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The Ins and Outs of Cyclical Unemployment

  • Michael W. Elsby
  • Ryan Michaels
  • Gary Solon

One of the strongest trends in recent macroeconomic modeling of labor market fluctuations is to treat unemployment inflows as acyclical. This trend stems in large part from an influential paper by Shimer on "Reassessing the Ins and Outs of Unemployment," i.e., the extent to which increased unemployment during a recession arises from an increase in the number of unemployment spells versus an increase in their duration. After broadly reviewing the previous literature, we replicate and extend Shimer's main analysis. Like Shimer, we find an important role for increased duration. But contrary to Shimer's conclusions, we find that even his own methods and data, when viewed in an appropriate metric, reveal an important role for increased inflows to unemployment as well. This finding is further strengthened by our refinements of Shimer's methods of correcting for data problems and by our detailed examination of particular components of the inflow to unemployment. We conclude that a complete understanding of cyclical unemployment requires an explanation of countercyclical inflow rates as well as procyclical outflow rates.

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Paper provided by National Bureau of Economic Research, Inc in its series NBER Working Papers with number 12853.

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Date of creation: Jan 2007
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Publication status: published as Michael W. L. Elsby & Ryan Michaels & Gary Solon, 2009. "The Ins and Outs of Cyclical Unemployment," American Economic Journal: Macroeconomics, American Economic Association, vol. 1(1), pages 84-110, January.
Handle: RePEc:nbr:nberwo:12853
Note: EFG LS ME
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  1. Mark Gertler & Antonella Trigari, 2006. "Unemployment fluctuations with staggered Nash wage bargaining," Proceedings, Federal Reserve Bank of San Francisco.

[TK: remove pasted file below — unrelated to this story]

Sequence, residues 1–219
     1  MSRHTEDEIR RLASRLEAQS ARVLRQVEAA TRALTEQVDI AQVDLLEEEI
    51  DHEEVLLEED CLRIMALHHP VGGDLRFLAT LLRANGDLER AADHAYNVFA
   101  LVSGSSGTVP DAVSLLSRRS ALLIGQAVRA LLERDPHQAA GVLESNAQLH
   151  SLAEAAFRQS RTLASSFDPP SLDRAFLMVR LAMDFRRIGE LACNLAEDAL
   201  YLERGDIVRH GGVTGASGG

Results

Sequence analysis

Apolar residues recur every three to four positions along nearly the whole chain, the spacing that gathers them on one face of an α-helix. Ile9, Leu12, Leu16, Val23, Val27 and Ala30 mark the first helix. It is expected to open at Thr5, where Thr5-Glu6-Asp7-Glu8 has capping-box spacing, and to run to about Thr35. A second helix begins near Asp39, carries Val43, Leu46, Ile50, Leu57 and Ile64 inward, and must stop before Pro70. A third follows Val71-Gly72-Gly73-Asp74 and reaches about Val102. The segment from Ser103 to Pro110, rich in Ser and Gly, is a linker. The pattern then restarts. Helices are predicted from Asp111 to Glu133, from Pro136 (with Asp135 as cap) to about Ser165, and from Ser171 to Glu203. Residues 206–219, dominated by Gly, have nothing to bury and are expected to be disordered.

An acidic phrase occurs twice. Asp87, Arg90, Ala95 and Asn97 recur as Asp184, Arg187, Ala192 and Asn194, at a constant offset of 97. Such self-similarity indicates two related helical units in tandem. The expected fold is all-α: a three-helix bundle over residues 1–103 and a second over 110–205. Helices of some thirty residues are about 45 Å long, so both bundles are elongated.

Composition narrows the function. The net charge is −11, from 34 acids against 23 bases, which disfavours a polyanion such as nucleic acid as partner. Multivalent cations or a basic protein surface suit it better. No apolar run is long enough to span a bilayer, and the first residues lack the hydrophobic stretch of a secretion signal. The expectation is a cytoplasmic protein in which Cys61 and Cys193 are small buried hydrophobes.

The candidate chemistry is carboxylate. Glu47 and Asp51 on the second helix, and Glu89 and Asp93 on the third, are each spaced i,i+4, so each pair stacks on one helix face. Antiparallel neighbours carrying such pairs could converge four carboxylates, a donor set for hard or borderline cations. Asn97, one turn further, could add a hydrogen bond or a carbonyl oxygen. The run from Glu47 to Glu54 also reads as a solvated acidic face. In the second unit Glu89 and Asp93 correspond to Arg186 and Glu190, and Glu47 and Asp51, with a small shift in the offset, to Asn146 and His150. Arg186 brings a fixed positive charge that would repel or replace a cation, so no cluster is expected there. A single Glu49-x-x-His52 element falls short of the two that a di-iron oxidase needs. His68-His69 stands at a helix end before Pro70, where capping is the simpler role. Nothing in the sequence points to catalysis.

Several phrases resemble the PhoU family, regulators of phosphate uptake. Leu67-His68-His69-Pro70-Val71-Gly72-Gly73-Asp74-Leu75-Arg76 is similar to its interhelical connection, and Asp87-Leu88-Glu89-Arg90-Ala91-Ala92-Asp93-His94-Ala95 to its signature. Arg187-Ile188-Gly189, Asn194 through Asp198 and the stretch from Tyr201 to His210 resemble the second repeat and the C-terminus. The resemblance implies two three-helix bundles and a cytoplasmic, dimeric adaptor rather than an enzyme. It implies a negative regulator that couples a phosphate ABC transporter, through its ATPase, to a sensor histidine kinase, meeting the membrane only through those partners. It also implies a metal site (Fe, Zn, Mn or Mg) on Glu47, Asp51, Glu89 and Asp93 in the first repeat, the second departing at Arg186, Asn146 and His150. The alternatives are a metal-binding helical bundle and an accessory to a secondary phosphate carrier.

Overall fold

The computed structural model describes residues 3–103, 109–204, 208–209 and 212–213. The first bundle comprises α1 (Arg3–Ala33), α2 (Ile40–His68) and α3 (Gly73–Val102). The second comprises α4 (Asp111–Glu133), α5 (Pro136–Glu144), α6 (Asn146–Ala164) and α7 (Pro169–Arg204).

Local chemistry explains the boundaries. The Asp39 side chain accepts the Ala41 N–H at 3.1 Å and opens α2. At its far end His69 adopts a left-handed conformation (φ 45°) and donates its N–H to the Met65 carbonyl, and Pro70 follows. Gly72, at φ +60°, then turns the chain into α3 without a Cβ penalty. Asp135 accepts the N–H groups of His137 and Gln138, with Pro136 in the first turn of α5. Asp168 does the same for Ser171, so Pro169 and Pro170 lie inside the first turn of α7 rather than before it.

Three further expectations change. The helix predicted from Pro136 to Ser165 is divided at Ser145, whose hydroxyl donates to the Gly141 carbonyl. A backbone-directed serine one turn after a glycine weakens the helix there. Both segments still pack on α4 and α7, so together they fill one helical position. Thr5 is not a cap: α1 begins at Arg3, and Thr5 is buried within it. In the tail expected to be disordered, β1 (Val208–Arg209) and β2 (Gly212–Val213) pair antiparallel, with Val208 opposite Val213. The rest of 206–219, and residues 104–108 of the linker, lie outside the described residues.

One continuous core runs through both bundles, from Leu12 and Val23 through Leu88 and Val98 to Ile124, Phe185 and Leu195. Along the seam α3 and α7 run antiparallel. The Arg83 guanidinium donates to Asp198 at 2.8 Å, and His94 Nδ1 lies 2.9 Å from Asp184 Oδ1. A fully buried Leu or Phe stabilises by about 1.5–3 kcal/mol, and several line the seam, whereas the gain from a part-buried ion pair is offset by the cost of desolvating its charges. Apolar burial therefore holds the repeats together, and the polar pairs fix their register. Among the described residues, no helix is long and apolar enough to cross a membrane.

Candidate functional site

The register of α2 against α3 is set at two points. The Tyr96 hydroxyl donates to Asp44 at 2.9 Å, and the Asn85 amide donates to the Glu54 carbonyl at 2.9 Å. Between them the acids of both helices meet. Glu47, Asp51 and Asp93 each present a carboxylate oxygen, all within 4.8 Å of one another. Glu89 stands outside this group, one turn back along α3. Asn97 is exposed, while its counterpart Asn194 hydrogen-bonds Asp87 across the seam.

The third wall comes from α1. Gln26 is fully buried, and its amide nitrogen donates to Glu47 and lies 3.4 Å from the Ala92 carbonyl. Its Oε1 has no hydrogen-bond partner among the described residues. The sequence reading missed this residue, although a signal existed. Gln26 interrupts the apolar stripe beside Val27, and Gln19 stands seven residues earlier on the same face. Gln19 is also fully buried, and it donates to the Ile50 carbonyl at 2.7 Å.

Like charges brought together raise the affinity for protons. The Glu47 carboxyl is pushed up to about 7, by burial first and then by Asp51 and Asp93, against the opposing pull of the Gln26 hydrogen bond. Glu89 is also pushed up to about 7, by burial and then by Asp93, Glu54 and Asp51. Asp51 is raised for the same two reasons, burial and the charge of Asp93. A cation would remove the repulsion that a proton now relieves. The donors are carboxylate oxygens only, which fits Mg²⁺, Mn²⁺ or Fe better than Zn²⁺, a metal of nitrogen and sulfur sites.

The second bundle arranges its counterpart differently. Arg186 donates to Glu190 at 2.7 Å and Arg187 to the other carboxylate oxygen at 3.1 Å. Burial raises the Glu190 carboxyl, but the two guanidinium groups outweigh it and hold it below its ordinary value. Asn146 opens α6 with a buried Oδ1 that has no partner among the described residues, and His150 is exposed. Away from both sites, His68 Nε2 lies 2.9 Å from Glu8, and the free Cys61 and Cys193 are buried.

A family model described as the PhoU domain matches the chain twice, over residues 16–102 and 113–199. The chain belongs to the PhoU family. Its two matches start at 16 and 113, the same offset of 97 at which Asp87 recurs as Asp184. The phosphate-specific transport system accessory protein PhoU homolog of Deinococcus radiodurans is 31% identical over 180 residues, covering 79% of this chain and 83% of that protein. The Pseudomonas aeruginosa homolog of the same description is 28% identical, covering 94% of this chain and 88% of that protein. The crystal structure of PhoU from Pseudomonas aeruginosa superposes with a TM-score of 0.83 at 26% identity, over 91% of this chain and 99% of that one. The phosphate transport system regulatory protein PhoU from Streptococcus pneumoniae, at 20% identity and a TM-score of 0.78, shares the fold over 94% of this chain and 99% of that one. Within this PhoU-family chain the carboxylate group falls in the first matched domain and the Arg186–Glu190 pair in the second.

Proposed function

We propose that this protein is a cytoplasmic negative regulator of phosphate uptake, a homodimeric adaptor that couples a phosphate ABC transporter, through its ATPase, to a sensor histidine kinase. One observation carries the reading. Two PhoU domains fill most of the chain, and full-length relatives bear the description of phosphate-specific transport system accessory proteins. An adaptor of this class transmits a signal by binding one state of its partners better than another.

2. Leena Rudanko, 2006. "Labor Market Dynamics under Long Term Wage Contracting," 2006 Meeting Papers 314, Society for Economic Dynamics.
  3. George L. Perry, 1972. "Unemployment Flows in the U.S. Labor Market," Brookings Papers on Economic Activity, Economic Studies Program, The Brookings Institution, vol. 3(2), pages 245-292.
  4. Julio J. Rotemberg, 2008. "Cyclical Wages in a Search-and-Bargaining Model with Large Firms," NBER Chapters, in: NBER International Seminar on Macroeconomics 2006, pages 65-114 National Bureau of Economic Research, Inc.
  5. George A. Akerlof & Andrew K. Rose & Janet L. Yellen, 1988. "Job Switching and Job Satisfaction in the U.S. Labor Market," Brookings Papers on Economic Activity, Economic Studies Program, The Brookings Institution, vol. 19(2), pages 495-594.
  6. Robert Shimer, 2007. "Reassessing the Ins and Outs of Unemployment," NBER Working Papers 13421, National Bureau of Economic Research, Inc.
  7. Stephen T. Marston, 1976. "Employment Instability and High Unemployment Rates," Brookings Papers on Economic Activity, Economic Studies Program, The Brookings Institution, vol. 7(1), pages 169-210.